ISLAMABAD: Overall health sector remains to be the lowest priority of the federal government. Most health indicators in the economic survey released on Thursday showed downward slide.
The federal and Khyber-Pakhtunkhwa (K-P) governments’ response to the deterioration of a number of health indicators has been to further reduce funding.
Health expenditure in K-P and at federal level has considerably dropped during outgoing financial year, according to the economic survey for FY 2015-16.
Despite urgency to increase spending under this head, the health sector received only 0.45% of gross domestic product (GDP), or Rs133.9 billion, during the first nine months (of FY 2015-16. The share of GDP represented by health expenditure is almost unchanged from FY- 2014-15, when it stood at 0.42% of GDP.
In K-P, overall health expenditure dropped from Rs16.9 billion in 2014-15 to Rs14.5 billion this year.
Similarly, at federal level, spending dropped from Rs 22.4 billion in FY 2014-15 to Rs15.3 billion in FY 2015-16.
The survey suggests that K-P and Balochistan are spending the lowest amounts on health, while Punjab and Sindh are the highest and second-highest spenders respectively.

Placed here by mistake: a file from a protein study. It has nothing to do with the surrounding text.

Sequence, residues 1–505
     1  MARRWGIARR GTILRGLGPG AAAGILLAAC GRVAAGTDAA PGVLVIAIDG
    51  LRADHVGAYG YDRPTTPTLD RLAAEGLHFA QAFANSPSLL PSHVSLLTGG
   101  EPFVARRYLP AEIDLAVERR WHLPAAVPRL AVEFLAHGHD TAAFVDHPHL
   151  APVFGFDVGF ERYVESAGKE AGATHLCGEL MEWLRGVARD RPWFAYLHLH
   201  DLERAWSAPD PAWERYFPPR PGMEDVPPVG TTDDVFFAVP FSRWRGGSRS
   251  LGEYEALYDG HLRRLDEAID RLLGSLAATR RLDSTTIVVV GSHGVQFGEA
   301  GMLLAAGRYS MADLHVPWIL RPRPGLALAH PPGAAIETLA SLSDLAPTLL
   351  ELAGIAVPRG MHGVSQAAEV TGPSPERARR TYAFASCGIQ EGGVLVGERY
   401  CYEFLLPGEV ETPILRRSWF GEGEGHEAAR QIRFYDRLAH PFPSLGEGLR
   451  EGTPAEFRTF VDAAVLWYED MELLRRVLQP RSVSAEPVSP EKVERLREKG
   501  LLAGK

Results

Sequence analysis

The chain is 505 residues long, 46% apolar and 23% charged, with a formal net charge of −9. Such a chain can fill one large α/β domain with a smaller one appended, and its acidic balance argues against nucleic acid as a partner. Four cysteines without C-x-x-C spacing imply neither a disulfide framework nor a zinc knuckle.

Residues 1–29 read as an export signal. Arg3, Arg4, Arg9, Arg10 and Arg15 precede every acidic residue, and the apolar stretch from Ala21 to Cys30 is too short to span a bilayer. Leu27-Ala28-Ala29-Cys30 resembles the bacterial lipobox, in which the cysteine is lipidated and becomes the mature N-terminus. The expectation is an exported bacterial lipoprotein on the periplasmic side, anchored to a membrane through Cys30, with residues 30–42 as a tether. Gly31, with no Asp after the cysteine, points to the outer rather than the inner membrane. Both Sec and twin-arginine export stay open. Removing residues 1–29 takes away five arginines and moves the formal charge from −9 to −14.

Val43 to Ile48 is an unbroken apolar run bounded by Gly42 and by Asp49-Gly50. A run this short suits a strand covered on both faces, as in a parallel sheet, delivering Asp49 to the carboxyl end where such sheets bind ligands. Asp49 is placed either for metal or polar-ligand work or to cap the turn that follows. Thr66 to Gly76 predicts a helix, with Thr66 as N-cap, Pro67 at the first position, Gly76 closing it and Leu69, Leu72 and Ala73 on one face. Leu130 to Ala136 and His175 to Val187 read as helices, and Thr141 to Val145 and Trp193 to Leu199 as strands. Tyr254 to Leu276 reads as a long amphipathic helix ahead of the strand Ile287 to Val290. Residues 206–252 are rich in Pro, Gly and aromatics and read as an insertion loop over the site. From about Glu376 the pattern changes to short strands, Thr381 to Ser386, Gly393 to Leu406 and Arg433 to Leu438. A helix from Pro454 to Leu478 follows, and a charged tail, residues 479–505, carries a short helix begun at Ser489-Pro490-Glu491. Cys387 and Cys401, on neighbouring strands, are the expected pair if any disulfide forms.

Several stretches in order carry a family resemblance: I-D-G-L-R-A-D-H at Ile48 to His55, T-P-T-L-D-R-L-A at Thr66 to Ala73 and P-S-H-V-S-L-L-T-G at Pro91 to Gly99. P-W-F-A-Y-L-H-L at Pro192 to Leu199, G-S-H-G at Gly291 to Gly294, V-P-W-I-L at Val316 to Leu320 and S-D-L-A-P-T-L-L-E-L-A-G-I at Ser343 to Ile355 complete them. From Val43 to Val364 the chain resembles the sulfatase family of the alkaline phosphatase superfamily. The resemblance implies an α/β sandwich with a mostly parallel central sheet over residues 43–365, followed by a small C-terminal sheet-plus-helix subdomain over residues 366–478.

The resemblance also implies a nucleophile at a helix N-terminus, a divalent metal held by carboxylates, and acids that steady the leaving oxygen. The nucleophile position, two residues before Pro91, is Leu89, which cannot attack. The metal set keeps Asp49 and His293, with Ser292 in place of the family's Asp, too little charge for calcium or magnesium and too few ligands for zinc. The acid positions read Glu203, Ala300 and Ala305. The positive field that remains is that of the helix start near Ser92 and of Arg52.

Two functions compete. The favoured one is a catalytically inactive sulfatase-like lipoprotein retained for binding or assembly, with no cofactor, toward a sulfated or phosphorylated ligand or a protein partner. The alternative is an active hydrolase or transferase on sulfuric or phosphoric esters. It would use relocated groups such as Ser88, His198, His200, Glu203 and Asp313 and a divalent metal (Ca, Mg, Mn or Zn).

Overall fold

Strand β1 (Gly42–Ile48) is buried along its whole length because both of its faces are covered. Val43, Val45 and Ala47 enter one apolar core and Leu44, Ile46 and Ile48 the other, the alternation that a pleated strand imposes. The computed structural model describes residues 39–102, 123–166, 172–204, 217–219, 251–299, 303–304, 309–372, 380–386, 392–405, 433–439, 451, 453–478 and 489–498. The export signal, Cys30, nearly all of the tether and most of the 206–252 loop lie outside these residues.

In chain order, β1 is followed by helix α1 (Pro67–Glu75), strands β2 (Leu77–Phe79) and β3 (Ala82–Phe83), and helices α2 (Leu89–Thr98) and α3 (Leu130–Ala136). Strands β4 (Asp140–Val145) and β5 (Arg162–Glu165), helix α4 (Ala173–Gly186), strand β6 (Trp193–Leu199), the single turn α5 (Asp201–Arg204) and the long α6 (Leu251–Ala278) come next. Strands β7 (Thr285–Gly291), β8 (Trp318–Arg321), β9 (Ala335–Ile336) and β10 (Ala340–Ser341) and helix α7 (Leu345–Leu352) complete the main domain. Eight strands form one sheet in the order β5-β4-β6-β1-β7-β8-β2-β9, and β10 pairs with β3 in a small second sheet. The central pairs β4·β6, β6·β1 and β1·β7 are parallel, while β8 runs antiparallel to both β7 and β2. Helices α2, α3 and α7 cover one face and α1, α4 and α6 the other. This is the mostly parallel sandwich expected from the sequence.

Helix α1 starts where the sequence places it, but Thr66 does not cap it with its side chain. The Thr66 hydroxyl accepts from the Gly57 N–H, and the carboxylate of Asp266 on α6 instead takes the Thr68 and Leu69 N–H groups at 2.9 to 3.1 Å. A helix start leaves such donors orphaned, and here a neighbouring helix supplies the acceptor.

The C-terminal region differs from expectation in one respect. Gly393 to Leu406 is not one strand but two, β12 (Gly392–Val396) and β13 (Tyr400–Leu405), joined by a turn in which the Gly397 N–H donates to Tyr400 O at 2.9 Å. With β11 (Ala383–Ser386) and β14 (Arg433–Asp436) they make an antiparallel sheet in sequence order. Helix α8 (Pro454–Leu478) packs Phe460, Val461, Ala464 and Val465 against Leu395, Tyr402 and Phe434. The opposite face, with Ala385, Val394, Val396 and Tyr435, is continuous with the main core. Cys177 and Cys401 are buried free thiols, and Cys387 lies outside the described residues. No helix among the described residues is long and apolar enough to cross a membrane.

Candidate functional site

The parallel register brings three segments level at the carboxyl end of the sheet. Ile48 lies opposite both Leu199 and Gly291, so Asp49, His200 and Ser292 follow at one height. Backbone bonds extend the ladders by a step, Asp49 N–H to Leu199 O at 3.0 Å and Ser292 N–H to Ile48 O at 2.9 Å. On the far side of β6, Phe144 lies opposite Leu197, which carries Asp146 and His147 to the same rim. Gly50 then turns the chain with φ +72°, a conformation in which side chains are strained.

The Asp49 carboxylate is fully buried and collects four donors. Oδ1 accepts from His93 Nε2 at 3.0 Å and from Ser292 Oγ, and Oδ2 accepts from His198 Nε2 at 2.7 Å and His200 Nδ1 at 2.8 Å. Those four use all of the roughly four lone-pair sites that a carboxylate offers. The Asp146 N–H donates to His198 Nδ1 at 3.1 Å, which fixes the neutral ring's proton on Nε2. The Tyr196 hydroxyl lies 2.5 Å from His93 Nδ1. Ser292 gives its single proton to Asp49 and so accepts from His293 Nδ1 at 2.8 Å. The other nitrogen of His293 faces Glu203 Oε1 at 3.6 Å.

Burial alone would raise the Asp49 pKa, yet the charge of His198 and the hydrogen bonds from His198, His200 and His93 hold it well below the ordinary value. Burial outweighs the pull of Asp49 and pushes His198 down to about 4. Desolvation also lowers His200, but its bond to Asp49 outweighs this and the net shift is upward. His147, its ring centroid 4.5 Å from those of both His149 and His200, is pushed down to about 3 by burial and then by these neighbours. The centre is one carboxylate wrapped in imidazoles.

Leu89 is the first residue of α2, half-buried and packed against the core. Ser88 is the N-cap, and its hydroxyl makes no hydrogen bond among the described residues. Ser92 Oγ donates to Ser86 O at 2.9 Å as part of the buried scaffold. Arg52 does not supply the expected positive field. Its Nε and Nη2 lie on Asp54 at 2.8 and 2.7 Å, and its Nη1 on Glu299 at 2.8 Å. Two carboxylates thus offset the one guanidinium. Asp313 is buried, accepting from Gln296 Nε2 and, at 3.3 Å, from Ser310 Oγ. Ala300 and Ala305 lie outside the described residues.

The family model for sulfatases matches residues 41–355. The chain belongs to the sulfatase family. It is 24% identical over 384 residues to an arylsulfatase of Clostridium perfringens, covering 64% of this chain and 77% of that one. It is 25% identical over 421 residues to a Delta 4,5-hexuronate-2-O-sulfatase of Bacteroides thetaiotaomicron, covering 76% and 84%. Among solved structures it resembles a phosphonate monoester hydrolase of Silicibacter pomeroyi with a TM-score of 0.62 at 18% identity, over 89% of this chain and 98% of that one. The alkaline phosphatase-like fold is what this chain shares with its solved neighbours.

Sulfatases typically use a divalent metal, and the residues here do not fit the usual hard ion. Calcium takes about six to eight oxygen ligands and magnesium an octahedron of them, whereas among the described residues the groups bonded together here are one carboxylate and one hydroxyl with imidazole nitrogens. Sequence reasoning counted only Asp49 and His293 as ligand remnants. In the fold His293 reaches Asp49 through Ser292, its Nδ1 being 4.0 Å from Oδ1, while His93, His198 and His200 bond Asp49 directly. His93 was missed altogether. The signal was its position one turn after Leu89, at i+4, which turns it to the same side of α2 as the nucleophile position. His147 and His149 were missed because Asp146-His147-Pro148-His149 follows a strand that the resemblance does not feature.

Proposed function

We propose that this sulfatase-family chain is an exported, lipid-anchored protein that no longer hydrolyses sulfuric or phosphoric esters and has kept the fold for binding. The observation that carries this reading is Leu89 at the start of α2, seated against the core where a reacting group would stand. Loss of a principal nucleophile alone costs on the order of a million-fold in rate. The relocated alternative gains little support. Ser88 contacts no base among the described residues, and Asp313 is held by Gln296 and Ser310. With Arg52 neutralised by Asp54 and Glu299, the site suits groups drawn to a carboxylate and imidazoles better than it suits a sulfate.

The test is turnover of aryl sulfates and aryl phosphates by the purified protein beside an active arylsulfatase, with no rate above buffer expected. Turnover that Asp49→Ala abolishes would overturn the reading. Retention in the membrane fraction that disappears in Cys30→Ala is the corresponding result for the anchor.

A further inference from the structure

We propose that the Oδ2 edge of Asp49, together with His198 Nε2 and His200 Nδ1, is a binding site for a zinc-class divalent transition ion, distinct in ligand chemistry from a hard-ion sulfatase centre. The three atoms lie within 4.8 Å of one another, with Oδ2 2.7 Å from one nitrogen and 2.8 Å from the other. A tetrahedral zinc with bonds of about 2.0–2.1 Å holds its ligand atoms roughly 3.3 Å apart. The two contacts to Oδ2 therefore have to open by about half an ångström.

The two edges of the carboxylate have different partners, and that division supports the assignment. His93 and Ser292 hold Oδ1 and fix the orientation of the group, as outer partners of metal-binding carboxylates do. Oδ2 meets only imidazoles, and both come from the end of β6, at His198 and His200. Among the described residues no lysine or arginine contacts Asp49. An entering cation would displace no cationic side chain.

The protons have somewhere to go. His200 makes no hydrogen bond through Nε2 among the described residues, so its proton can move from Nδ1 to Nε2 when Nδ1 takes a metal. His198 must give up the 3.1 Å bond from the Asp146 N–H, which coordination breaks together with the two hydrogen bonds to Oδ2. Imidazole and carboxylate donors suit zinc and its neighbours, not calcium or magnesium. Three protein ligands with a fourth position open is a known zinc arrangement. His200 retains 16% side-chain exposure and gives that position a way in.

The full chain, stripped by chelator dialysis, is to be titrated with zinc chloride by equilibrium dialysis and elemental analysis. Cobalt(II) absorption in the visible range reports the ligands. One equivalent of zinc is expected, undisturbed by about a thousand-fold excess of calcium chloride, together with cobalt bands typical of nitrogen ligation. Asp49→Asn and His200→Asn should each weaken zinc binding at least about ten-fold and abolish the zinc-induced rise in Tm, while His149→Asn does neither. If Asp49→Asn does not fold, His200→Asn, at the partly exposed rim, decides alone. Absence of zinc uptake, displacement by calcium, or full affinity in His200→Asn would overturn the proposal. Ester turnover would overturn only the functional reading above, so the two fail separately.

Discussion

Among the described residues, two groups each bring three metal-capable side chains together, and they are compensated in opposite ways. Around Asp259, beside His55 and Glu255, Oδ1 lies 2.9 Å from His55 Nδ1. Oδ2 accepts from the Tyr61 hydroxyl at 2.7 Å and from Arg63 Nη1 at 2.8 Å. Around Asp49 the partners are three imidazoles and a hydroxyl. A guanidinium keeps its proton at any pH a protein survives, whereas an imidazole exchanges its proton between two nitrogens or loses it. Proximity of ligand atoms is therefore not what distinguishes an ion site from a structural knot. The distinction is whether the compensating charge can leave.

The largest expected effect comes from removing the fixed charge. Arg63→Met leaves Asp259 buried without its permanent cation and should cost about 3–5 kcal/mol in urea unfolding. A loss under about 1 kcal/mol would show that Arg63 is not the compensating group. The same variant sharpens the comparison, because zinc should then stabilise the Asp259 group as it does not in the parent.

The report quotes World Bank statistics which say that Pakistan spends $37 (Rs3,873) per capita on health, which is lower than the World Health Organisation’s (WHO’s) prescribed level of $44 per capita (Rs4,606) — the minimum spending package required for essential health services.
During the last decade, a slight decrease has been noted under this head. In FY 2000-01, health expenditure was 0.58% of GDP, in FY 2001-02, it was 0.57%, while during FY 2014-15, it was just 0.42% of GDP.
Public healthcare network
The public healthcare system in Pakistan is made up of 1,167 hospitals, 5,695 dispensaries, 5,464 basic health units, 675 rural health centres, and 733 mother-and-child health centres, according to the document.
There are 184,711 doctors — one doctor per 1,038 persons — and 16,652 dentists, while the 118,869 available hospital beds translate to one bed for every 1,613 people. In FY 2015-16, seven rural health centres and 32 basic health units were added to the existing system.
Food and nutrition
Pakistan’s economy is primarily agriculture based, but the Integrated Food Security Phase Classification (IPC) analysis conducted from March to June 2015, quoted in the survey, shows that 29 out of 148 districts in Pakistan are highly food insecure and require immediate attention.
Of these 29 districts, four have been identified as “severely food insecure”.
Interestingly, the survey has no hard stats available on malnutrition. It only provides details of nutrition-related programmes and activities that the government has been undertaking with private partners.
The survey concludes that health outcomes have improved over the years, but some critical weaknesses such as shortage of equipment and staff continue to affect health systems. “There is a dire need to expand service delivery, address the shortfall in health-related human resources, and making better use of technology.”
It suggests that public-private partnership need to be encouraged and coverage of public health programmes such as tuberculosis, malaria, hepatitis, and other communicable diseases need to be improved.
Published in The Express Tribune, June 3rd, 2016.